A FORMER labourer for a Newport ship-breaking company has issued an appeal for his ex-colleagues to come forward with information about the conditions of his workplace after doctors diagnosed him with the asbestos-related cancer Mesothelioma.

Glyndwr Lovesey, 68, was 15 years old when he left school and began working for John Cashmore Limited in Newport between approximately 1966 and 1971.

Staying with the company for around five years, he recalls working in the hanger where he was responsible for breaking down and processing large pieces of metal - including old steam and heating pipes from ships. It was during this time that he recalls coming into contact with asbestos as he stripped the lagging off the sections of pipes – often coming into contact with huge volumes of dust that got into his clothes and hair.


The business was closed in October 1976.

Mr Lovesey and his family have now begun a battle for answers and have instructed industrial disease lawyers to carry out an investigation into whether more could and should have been done to protect him from exposure to the deadly dust.

He said: “I very clearly remember being surrounded by asbestos dust throughout my career as a labourer working for John Cashmore Limited.

"I would crack the lagging on the pipes with a large pointed hammer - it would create a huge dust haze in the air that would linger for ages.

“I recall sweeping up the dust at the end of the shift to keep the area tidy, but that just kicked up the finer dust back into the air which I would have no choice but to breathe in.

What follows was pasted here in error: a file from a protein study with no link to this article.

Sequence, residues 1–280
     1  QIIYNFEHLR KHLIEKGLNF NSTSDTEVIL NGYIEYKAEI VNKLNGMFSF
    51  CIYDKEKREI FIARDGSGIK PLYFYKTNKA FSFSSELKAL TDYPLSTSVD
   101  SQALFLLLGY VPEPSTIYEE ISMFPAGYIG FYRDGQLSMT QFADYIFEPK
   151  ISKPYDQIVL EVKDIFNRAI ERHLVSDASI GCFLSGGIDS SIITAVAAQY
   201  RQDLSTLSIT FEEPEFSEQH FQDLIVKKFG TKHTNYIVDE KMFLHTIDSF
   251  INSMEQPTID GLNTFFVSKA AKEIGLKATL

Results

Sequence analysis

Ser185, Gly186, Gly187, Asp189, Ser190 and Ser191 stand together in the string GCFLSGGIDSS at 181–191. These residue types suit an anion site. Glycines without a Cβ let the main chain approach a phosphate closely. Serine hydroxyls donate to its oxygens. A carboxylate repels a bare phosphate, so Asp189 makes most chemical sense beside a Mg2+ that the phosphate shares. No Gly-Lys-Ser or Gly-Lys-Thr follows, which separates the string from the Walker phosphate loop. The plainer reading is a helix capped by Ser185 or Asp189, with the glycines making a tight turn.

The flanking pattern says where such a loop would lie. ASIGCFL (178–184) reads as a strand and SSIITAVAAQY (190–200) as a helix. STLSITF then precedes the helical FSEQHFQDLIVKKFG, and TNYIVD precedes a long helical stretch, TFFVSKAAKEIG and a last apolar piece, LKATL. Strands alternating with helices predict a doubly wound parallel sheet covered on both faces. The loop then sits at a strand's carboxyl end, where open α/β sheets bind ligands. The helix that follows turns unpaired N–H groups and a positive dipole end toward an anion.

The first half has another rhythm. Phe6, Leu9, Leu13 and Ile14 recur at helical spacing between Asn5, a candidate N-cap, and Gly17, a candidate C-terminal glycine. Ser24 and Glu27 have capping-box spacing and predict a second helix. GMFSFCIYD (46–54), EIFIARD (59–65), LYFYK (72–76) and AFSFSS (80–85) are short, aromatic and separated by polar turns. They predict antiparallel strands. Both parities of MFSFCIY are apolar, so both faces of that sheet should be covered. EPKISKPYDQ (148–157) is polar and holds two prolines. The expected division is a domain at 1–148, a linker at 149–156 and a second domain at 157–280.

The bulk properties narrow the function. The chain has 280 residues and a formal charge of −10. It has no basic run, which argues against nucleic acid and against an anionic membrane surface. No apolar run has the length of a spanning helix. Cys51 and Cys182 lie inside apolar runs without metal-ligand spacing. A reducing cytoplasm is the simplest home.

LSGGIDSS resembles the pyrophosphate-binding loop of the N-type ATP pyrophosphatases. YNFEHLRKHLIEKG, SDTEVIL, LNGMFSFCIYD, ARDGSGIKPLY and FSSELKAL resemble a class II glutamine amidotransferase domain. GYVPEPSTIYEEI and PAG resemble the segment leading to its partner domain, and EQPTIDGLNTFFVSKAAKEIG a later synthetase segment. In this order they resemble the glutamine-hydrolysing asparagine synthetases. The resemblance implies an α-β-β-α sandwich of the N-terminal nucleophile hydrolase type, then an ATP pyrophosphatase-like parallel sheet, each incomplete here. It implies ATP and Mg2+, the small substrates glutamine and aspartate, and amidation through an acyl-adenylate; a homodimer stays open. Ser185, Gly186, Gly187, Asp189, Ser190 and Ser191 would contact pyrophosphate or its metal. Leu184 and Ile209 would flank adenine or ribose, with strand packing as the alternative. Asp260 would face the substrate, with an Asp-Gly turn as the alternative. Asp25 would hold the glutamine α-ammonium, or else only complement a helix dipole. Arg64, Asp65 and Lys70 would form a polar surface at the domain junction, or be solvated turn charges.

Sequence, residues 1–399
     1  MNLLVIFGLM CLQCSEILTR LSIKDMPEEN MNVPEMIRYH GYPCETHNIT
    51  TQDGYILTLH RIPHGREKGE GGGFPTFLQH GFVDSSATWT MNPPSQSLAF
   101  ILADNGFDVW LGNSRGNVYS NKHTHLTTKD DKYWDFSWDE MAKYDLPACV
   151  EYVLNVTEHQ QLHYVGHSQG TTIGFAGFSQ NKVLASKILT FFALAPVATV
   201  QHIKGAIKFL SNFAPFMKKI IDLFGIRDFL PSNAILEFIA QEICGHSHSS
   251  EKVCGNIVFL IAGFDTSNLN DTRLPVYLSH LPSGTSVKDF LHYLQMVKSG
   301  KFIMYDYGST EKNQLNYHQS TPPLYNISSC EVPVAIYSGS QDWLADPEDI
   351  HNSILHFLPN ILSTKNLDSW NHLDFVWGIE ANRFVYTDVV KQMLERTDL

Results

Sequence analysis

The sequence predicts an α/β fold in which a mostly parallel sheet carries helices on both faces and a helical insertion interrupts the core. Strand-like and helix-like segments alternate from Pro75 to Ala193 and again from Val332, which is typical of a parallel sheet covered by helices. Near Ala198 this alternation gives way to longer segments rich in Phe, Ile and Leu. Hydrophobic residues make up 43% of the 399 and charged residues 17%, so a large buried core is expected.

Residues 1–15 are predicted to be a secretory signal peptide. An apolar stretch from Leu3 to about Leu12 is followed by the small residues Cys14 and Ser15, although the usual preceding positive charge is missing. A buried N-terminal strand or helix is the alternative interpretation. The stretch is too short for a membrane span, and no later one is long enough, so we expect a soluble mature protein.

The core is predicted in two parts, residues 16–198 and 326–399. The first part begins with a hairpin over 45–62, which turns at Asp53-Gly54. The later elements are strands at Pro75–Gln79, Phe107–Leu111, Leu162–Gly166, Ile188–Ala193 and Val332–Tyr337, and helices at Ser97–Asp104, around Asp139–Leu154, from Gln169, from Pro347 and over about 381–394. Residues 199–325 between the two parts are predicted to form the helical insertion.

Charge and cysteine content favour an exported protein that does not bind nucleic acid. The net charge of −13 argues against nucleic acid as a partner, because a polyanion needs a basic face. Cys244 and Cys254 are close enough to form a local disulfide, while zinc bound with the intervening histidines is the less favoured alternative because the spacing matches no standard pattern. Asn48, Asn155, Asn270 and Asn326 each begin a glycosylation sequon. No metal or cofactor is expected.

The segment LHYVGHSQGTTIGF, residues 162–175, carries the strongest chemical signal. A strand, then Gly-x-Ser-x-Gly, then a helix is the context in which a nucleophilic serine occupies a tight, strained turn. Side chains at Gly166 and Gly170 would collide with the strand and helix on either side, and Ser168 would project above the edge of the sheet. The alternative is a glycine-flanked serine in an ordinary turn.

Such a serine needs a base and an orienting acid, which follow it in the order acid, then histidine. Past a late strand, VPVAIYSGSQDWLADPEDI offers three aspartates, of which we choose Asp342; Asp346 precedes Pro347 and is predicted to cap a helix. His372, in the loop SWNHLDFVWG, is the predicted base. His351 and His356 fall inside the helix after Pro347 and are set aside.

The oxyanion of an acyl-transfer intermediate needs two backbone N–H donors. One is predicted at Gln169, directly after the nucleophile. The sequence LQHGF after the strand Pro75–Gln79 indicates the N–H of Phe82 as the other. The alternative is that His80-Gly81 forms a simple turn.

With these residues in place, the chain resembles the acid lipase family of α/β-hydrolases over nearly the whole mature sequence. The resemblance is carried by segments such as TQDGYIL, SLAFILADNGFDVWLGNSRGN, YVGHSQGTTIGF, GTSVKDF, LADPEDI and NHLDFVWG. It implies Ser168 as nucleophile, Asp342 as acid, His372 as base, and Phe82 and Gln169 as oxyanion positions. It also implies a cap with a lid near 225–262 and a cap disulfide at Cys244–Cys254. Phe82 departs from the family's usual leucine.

“Thinking back now with the knowledge I have about asbestos it was crazy allowing us to do that work. It was so dusty, but we weren’t provided with masks or anything.”

Having received the diagnosis earlier this year Mr Lovesey - who is struggling to continue in his job as a saw operator for a timber merchants because of his condition - added: “I’m desperate now for answers as to why more wasn’t done to protect us and would urge any of my ex-colleagues to come forward with information that might help."

Anthony Waddington of industrial disease lawyers Simpson Millar, who is representing Mr Lovesey in his battle for answers, said: “We are looking to speak to anyone who worked at John Cashmore Limited in the late 1960s and early 1970s to gain an understanding of the working conditions and relevant safety procedures that were in place at the time to protect staff from exposure to the harmful dust and fibres.

“Mr Lovesey is very unwell as a result of his illnesses and it is our hope that in addition to answers as to why he was exposed to the dust that has made him unwell, we can also secure a care package for him that will provide some financial security whilst he struggles his condition.”

John Cashmore Limited was a company operating largely in Newport. It became best known for ship-breaking and scrapping redundant British railway locomotives.

No legal claim has yet been launched, but Simpson Millar say they have located employers liability insurance for John Cashmore Limited relating to Mr Lovesey's period of employment and state that it will likely cover his claim.

Anyone with information can contact Mr Waddington at Simpson Millar on 08082506581 or via anthony.waddington@simpsonmillar.co.uk